The White House is set to create a new division of the Office of Science and Technology Policy (OSTP) that will develop federal climate change policy.
The Biden administration will appoint Sally Benson, a professor of energy engineering at Stanford University, to head the newly created division, according to The Washington Post, which was the first to report the news. The Hill has confirmed the creation of the division.
In an announcement Wednesday, the White House said the OSTP Energy Division will be focused on planning the transition to renewable energy and ensuring the U.S. meets its target of reaching net-zero greenhouse gas emissions by 2050. The OSTP has also appointed Costa Samaras, an associate professor of civil and environmental engineering at Carnegie Mellon University, to serve as Principal Assistant Director for Energy and Chief Advisor for Energy Policy at OSTP.
In her role as deputy director for energy and chief strategist for the energy transition, Benson will work closely with other officials such as White House climate adviser Gina McCarthyGina McCarthyOvernight Energy & Environment — White House announces new climate office New White House office to develop climate change policies Kerry: Climate summit 'bigger, more engaged, more urgent' than in past MORE and OSTP Deputy Director for Climate and Environment Jane Lubchenco.
“We have a 120-year-old energy system that was built over a long time period, and we're talking about very quickly changing that to a new system,” Benson told the Post. “And this is a huge opportunity for American industry, for American workers, to lead.”
“Science and technology have done things once thought impossible: making solar energy the cheapest energy and dramatically lowering the cost of wind power and batteries,” OSTP Director Eric LanderEric LanderOvernight Energy & Environment — White House announces new climate office New White House office to develop climate change policies The Hill's Morning Report - Presented by Uber - Democrats optimistic after Biden meetings MORE said in a statement. “Now we need to do the same with smart grid technologies, clean hydrogen, fusion power, and more — to make carbon-neutral energy the cheapest energy, so it’s always the easy choice — by driving the virtuous cycle of invention and deployment that brings down costs.”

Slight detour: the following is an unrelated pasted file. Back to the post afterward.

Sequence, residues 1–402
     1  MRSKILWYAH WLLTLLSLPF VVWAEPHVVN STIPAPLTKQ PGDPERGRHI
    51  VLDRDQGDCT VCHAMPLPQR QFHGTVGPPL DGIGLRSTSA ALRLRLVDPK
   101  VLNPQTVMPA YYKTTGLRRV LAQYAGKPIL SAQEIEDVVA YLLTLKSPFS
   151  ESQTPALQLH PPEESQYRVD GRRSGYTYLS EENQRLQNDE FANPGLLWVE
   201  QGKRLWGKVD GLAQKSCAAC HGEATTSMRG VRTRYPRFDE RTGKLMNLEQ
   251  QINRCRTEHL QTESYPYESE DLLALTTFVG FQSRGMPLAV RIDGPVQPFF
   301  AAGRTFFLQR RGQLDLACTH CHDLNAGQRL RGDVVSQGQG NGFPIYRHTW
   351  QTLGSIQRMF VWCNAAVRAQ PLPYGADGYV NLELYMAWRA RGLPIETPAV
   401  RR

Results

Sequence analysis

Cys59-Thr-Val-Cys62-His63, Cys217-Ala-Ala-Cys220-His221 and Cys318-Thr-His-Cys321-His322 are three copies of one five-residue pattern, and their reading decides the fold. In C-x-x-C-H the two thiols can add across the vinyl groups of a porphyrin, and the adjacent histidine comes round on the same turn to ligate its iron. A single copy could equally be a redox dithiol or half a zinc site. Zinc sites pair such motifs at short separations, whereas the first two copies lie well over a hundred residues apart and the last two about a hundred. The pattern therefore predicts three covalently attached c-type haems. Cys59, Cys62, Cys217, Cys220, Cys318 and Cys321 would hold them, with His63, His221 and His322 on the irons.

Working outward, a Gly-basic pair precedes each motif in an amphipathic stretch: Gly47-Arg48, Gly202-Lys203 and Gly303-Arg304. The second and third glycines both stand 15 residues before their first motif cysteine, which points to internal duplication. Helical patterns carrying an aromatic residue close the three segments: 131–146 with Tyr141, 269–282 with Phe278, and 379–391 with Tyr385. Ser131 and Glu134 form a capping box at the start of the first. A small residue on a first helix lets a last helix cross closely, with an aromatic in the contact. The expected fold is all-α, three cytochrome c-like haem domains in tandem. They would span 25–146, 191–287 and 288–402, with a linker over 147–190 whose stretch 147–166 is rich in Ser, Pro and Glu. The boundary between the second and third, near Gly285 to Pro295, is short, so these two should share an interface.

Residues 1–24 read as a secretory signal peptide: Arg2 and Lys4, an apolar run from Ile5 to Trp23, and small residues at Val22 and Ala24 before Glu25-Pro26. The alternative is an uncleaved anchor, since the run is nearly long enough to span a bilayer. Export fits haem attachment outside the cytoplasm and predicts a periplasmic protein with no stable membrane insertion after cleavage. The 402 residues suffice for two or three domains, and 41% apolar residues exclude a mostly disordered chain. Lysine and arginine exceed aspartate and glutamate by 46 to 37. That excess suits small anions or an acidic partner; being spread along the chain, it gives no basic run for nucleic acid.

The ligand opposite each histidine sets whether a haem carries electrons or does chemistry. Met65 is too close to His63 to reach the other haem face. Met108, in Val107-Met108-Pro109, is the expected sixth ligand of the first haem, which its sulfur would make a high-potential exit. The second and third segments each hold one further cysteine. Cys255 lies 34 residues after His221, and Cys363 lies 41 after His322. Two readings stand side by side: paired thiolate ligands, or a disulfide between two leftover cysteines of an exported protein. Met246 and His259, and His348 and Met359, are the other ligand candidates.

The news comes weeks after the end of the COP26 international climate summit in Glasgow, Scotland, where U.S. officials emphasized what they said was a return to climate leadership by the United States, even as other major emitters like Russia, China and India announced significantly less ambitious commitments.
It also comes during a surge in gas prices that yesterday prompted the administration to announce that it will release 50 million barrels of oil from the Strategic Petroleum Reserve.
— Updated at 3:10 p.m.